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That this House welcomes the UKs climate change programme which has already put the UK on course to exceed its Kyoto target of a 12.5 per cent. cut in 1990 levels of greenhouse gas emissions by 2008-12 and make further progress towards the Governments ambitious target to cut carbon dioxide emissions by 20 per cent. by 2010; recognises the vital contribution of the Climate Change Levy, which has already saved 28 million tonnes of carbon emissions and by 2010 will be reducing carbon emissions by over seven million tonnes per year; congratulates the Government on exceeding its recycling target supported by
the Landfill Tax and Landfill Allowance Trading Scheme and contributing to reductions in greenhouse gas emissions; commends introduction in the UK of the worlds first international emissions trading scheme capping emissions from power stations and energy-intensive industries; further welcomes the Governments proposals for the second phase of the scheme in the UK; further welcomes the Governments energy review, which proposes measures to save up to a further 25 million tonnes of carbon emissions per year by 2020 and to put the UK economy on a path to a 60 per cent. cut in carbon dioxide emissions by 2050; congratulates the Government on its commitment to delivering a strong economy based on high and stable levels of growth and employment as well as high standards of environmental care; and calls upon the Government to continue to put environmental protection, locally, nationally and globally at the heart of its policies.
That Gordon Banks and Meg Hillier be discharged from the Northern Ireland Affairs Committee and John Battle and Mr. Denis Murphy be added. [Rosemary McKenna, on behalf of the Committee of Selection.]
Bob Spink (Castle Point) (Con): Castle Point is becoming grotesquely over-developed. Worst of all is the proliferation of ugly blocks of flats with little or no space for amenities. They ruin the environment for neighbours and put terminal stress on our already overburdened infrastructure. The petition that I present tonight deals with just such a case. It was compiled by residents of Hadleigh, who live around the proposed site.
Declares that the petitioners are deeply concerned about planned development at Park Chase where it is proposed to knock down four buildings and replace them with 29 flats, which would put the local infrastructure and community under unacceptable strain, and leads to a number of substantial planning objections including the lack of provision of amenity space, insufficient parking or on site turning, is detrimental to the street scene and will be overbearing on neighbouring houses, not least because of the unacceptable four storey height of the development... the petitioners note the efforts of the local press and MP to fight overdevelopment and inappropriate back garden development and the imposition of flat land development which are damaging our community.
The Petitioners therefore request that the House of Commons call upon the Government to bring to Castle Point Borough Councillors attention the need to decide this application at full council and to reject the application on behalf of local residents and in respect for the quality of life of Hadleigh people.
And the Petitioners remain, etc.
Mr. Paul Truswell (Pudsey) (Lab): This debate is prompted by concerns arising from the interim report on the land use planning process produced by Kate Barker. My fear, and the fear of many of my constituents, is that it will effectively lead to calls for a reduction in opportunities for community involvement. In fact, I contend that there is too little community involvement in the planning process and that what we have should be made to work better and even enhanced. It should not be diluted or removed.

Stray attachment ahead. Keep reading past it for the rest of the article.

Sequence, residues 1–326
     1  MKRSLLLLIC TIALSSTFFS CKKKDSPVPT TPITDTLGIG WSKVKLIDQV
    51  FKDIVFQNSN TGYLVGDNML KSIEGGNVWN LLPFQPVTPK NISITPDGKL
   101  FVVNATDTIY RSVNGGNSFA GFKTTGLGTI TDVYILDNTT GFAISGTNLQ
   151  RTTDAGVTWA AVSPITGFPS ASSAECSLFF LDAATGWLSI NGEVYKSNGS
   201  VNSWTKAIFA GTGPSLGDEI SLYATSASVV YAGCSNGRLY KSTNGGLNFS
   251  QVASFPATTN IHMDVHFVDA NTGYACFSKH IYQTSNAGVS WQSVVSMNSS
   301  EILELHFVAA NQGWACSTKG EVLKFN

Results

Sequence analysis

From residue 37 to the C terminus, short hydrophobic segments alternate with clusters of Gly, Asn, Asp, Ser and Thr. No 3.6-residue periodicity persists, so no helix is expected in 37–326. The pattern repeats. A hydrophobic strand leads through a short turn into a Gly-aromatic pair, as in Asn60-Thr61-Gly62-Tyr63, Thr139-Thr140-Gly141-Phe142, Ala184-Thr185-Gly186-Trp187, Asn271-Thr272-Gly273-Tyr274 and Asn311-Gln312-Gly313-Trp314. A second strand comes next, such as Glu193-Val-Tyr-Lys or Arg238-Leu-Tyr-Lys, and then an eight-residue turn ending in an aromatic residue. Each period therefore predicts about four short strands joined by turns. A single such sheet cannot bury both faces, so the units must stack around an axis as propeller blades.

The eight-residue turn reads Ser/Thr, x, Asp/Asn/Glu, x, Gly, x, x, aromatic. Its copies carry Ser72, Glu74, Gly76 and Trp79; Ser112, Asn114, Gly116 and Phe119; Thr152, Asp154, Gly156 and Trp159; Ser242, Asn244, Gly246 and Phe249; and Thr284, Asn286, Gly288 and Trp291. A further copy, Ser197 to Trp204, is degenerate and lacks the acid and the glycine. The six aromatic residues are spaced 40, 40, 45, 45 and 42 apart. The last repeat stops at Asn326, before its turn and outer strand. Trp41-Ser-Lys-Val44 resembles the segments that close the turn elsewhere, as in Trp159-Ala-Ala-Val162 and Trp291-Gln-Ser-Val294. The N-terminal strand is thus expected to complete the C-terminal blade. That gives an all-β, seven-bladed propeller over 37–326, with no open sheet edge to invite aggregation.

In my experience, and mine is no exception, there are few areas where there are not tensions between developmentsusually housing, but not alwaysand the local community. Without touching the heights of hyperbole, I submit that in my experience of 25 years as both councillor and MP, the planning process has been the single most significant vehicle for local people's engagement in the local democratic process.
Shortly after being granted this debate, I was contacted by a faith community in my constituency. Its comments and experience of the system demonstrate that, while the present approach has many potential components for community participation, those are very limited in practice. It is at this point that I regret not wearing my reading spectacles because my office has supplied me with a rather poor photocopy. Basically, my constituents point with some approbation to a number of Government documents. Those include the UK sustainable development strategy and the sustainable communities plan, the sentiments of which they welcome. They have also raised the issue of the contents of the Diversity and Equality in Planning document, which was produced by the Office of the Deputy Prime Minister in January 2004.
is not well known by Planning Officers in our experience, for whom a one size fits all attitude is deeply entrenched, arising from complacency but effectively resulting in widespread discrimination against significant parts of society, especially hard to reach groups, including many faith communities.
We are therefore concerned that the current Regional Spatial Strategy reviews and Local Development Framework preparation are accompanied by effective and widespread community involvement. Statements of community involvement are required as an integral part of the new style LDF. Time will tell whether these SCIs will deliver more effective consultation both with policy and major planning applications. Much will depend on individual authorities' willingness to engage in genuine consultation and take note of responses from the community.
While those are the views of just one group in my constituency, I believe from experience that they are very representative of the concerns regarding involvement in the planning process, and that involvement is under threat.
Streamlining the planning process is a bit like trying to streamline democracy. As Winston Churchill once